Mobiticket, Kenya

Mobiticket is a bus booking service for smartphone and USSD. Through the Mobiticket service, passengers can view available buses, fares, and sets for a given dates for different bus companies, and purchase tickets via mobile money.

In the last six months, Nickson Nyakambi and team migrated Mobiticket from beta testing to a full utility product. Mobiticket entered into a strategic partnership with M/s Jambopay, a Kenyan payment gateway service provider. In this partnership, Mobiticket services are integrated into Jambopay’s existing smartphone application. Mobiticket has also acquired its own dedicated USSD short code for SMS users. They have been reaching out public service vehicle operators through savings and credit cooperatives (SACCOs) and advertising their services on these vehicles. Since launch, their user base has increased to 35,000 people.

Mobiticket participated in the i2i Data Hack for Financial Inclusion, where they won both the Kenyan round and the final round in Kigali, Rwanda ($20,000). They were also selected for incubation and seed funding from the Safaricom Foundation Tech for Good Accelerator.

Lesson Learned: “Sourcing funds from sources especially from financiers originating from different countries can be really challenging and takes long. All the same, any partnerships and investment is a matter of trading off fear of risk with some element of trust and optimism.” – Nickson Nyakambi, Pakistan is a web platform that captures, communicates and tracks needs in specific larger emergency situations such as droughts, floods, earthquakes and attacks, so that willing volunteers can respond accordingly.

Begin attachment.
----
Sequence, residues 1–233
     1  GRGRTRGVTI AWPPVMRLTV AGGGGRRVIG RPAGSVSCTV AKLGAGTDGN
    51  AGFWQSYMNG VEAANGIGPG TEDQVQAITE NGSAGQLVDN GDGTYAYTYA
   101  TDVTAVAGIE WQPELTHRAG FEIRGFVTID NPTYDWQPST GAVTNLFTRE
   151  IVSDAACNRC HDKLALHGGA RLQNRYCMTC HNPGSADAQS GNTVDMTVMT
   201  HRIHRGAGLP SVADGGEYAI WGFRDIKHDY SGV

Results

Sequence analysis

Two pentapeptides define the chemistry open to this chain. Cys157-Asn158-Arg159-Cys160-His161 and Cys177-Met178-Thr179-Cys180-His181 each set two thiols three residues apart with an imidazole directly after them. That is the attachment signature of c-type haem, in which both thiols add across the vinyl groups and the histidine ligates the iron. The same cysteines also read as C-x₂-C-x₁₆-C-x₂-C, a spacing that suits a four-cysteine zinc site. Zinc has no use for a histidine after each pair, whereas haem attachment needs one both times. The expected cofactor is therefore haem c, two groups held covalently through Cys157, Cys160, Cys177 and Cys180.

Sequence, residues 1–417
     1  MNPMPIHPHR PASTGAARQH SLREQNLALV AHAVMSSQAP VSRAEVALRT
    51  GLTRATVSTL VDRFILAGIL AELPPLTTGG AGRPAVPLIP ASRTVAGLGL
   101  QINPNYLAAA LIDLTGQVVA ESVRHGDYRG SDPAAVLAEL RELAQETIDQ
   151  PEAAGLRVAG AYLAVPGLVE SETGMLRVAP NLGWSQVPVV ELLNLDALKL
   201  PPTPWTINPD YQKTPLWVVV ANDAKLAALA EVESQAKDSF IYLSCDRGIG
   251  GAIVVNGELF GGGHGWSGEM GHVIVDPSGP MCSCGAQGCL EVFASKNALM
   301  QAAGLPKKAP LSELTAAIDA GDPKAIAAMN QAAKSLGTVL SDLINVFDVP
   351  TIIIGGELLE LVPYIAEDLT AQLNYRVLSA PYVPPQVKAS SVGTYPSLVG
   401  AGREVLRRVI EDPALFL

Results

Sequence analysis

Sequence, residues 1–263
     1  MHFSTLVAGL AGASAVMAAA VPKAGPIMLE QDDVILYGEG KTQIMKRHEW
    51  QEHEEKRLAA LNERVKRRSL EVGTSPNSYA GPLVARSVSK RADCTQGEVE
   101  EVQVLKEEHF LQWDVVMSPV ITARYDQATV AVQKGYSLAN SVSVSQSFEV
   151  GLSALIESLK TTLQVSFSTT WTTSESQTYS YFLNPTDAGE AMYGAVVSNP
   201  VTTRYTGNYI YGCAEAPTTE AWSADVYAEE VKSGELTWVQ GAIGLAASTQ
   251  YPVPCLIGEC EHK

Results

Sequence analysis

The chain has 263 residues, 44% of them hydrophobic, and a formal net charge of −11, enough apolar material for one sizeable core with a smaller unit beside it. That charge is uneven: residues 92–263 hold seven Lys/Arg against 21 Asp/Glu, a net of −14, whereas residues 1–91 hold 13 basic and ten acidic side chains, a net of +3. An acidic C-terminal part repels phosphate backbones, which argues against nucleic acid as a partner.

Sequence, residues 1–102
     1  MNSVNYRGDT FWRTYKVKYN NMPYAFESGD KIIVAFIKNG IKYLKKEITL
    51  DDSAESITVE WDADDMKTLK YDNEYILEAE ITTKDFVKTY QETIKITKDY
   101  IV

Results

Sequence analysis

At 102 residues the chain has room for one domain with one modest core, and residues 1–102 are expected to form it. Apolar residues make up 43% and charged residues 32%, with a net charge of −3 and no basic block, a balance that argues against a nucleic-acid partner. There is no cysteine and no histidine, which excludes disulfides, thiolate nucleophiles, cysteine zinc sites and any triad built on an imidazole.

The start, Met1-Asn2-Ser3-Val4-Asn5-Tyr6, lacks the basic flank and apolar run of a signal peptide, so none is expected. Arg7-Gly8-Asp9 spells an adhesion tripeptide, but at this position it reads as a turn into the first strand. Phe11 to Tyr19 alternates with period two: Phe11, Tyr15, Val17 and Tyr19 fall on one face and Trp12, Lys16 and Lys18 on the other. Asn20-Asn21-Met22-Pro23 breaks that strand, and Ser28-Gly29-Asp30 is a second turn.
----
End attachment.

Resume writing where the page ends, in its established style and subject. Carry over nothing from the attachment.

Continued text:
The microgrant enabled Sacha Ahmed and her team to conduct a simulation, a focus group discussion, and an ideation session with around 30 target users of the platform. (You can check a description of their simulation and design process here.) Through this event, as well as discussions with academics involved in resource coordination, they were able to gain an understanding of design requirements needed for the platform and gain critical feedback from target users.

The most likely dissemination strategies are either an open-source tool that allows local adaptation and adoption, or uptake by NGOs in Pakistan.

Lesson Learned: “Users perceive the platform as especially useful when it comes to long-term projects, such as patients that have lost their livelihood during an emergency and require financial support for an extended amount of time.” – Sacha Ahmed


Water ATM, Pakistan

Umair Anwar’s team at Information Technology University has developed the Water ATM, a stand-alone water quality measurement and dispensing unit that attaches to a water filtration plant to dispense a fixed daily quota of water to registered users. The amount of water dispensed to each user and water quality data can be monitored remotely on a centralized dashboard.

The team has developed two versions is currently working on developing a third version that is more robust and efficient. They are having conversations with local water officials as well as private water purification companies to install the device at existing filtration plants. The team plans to sell these companies a monthly subscription plan for the dashboard, where companies can monitor in real time the quality and amount of water dispensed. Once the team has figured out how to reduce the cost of the device, they plan to create Water ATMs (Automated Teller Machines) for registered users to collect water directly.

In June, they were awarded research grant of $374,599 through the Pakistan-United States Science & Technology Cooperation Program, which is made up of USAID, the United States Department of State, and the Higher Education Commission of Pakistan. Using these funds, they hope to hire a web developer and electric engineer, boosting the development process and accelerating toward the pilot phase.

Lesson Learned: “This project gave me a good chance to improve my product design and development skills and to enhance my confidence to interact with the government personnel.” – Umair Anwar